|In Memory of|
WALTER GEORGE WILKINS
2/7th Sherwood Foresters (Notts & Derby) Regiment
Who was killed in action on Wednesday, 26th September 1917
No Known Grave Panel 99 to 102 & 162 to 162a
Memorial to the "Missing", Tyne Cot Cemetery, Passchendaele, West Flanders, Belgium
Commemorated in Perpetuity
by the Commonwealth War Graves Commission
Remembered with Honour
Tyne Cot Cemetery, Belgium1
Walter George Wilkins was born in Comberton, Cambridgeshire in 18912, the only surviving child of William Robert (b. 1870, Cambridge) and Jane, his wife (b. c1865). By 1901, William Robert was working as a farm
labourer in Tollerton, Notts and living there with his wife and the 8-year-old Walter George3. By 1911, they had moved to Wollaton, Notts where William Robert continued as an agricultural labourer and Walter had
found work on the Wollaton Estate as a bricklayer's labourer4. At some time between then and the end of the war in 1918, the family moved to live at 22 Denison Street, Beeston5.
As Walter's Army Service Record has not survived, we do not have a precise record of when he enlisted, but it was probably in February 19166 with Sherwood Foresters. After initial training, he joined the 2/7th
Battalion which had returned from Ireland in January 1917. In 1916 it had been sent to Dublin to help quell the Easter Rising. It is likely that Private Wilkins was with the regiment when it left for France in February
1917 and soon took part in the pursuit of the German retreat to the Hindenbug Line7.
Then on the last day of July, the three-month long series of bitter battles which made up the Third Battle of Ypres - also known as Passchendaele - with 2/7th battalion taking a full part in both the Battle
of Menin Road and the Battle of Polygon Wood towards the end of September. In the Polygon Wood attack on the 26th September, the battalion was positioned west of Sciler Galleries ready to move off. At 5.50am the 2/7th were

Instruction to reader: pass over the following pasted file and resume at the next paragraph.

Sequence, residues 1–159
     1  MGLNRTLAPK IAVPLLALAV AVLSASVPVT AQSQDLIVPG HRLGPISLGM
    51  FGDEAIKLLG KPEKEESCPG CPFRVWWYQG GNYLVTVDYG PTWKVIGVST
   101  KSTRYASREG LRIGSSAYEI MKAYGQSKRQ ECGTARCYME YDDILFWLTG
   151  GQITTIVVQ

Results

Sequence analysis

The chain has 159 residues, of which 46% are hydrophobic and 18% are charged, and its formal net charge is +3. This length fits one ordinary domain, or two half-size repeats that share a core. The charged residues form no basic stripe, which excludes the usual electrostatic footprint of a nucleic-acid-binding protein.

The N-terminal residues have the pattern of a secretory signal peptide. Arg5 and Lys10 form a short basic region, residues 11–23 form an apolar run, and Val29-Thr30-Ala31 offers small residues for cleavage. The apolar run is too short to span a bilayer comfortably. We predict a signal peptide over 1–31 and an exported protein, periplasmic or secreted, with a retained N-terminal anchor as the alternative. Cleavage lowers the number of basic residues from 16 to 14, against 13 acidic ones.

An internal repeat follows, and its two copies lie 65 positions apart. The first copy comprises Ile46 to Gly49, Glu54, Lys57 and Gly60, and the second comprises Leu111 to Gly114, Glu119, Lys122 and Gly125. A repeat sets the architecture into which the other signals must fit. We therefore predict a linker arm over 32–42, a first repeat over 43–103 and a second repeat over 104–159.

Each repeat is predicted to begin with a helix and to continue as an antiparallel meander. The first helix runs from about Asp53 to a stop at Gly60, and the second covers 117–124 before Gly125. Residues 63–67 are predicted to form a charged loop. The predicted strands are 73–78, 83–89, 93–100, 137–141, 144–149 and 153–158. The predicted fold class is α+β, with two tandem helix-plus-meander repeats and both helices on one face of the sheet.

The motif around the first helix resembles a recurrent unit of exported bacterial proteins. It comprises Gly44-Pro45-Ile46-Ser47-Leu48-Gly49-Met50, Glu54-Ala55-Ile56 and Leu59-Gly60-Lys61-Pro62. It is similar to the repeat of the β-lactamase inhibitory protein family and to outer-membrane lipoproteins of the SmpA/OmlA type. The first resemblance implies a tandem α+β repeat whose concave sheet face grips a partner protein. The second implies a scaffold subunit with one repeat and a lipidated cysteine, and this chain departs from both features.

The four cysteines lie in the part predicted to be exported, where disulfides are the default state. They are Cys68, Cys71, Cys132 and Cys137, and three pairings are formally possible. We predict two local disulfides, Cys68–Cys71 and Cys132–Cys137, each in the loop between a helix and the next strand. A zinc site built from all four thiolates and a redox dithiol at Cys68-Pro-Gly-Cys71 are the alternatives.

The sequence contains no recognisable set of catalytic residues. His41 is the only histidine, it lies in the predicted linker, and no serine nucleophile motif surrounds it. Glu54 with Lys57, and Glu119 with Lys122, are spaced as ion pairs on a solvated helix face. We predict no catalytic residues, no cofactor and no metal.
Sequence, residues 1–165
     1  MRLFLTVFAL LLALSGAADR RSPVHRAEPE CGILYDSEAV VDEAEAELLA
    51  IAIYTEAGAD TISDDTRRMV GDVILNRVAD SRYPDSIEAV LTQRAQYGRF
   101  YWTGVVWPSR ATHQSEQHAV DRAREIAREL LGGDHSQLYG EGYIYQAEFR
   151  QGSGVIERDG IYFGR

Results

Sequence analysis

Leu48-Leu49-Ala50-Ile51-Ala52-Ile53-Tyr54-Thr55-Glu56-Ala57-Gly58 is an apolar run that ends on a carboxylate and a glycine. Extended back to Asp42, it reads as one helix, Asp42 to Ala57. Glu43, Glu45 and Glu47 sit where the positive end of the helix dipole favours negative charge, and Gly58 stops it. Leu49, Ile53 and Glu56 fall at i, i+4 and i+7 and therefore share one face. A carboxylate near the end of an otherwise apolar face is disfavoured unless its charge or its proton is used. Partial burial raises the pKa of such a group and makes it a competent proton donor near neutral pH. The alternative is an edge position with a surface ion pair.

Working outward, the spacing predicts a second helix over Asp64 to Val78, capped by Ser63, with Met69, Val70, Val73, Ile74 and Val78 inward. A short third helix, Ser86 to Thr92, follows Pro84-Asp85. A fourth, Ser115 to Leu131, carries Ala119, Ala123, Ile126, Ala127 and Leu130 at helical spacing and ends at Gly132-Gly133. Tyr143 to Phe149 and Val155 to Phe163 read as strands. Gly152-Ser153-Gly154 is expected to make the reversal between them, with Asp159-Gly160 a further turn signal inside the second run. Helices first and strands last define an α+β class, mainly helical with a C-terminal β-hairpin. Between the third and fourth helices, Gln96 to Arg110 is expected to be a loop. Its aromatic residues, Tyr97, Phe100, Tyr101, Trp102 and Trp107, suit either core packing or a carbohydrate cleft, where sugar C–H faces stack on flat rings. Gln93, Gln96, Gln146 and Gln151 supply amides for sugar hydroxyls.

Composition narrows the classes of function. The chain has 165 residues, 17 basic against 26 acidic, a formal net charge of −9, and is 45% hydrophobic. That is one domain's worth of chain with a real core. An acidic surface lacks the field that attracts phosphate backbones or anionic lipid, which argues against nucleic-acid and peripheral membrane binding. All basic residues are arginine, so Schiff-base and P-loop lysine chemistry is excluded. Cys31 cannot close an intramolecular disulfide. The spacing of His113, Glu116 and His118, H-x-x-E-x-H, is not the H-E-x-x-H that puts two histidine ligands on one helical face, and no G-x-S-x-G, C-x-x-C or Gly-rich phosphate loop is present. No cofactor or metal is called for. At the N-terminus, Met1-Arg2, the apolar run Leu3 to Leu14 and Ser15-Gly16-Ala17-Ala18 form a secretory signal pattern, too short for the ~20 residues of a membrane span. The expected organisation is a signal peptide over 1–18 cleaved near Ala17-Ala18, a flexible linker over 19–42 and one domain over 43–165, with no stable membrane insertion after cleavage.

detailed to take the ground as far east as Fokker Farm. The attack went entirely according to plan and all objectives were taken within the planned timetable. A later German counter-attack caused problems but the positions
were held. On that day, and the days following there were heavy casualties totaling 7 officers and 238 other ranks injured. One officer and 36 men were killed and 48 were missing. It appears that Private Wilkins was amongst
those recorded as missing on the 26th8.
As Private Wilkin's body was never identified he is commemorated on the Tyne Cot Memorial to the Missing within the Commonwealth War Graves Cemetery of that name. The cemetery grounds were assigned to the
United Kingdom in perpetuity by King Albert I of Belgium in recognition of the sacrifices made by the British Empire in the defence and
liberation of Belgium during the war. On the forward slope of the Passchendaele Ridge is the largest cemetery for Commonwealth forces in the world, for any war. The cemetery and its
surrounding memorial are located outside of Passchendaele, near Zonnebeke in Belgium. The Cross of Sacrifice is to be found in a central position in the cemetery, at the base of the cross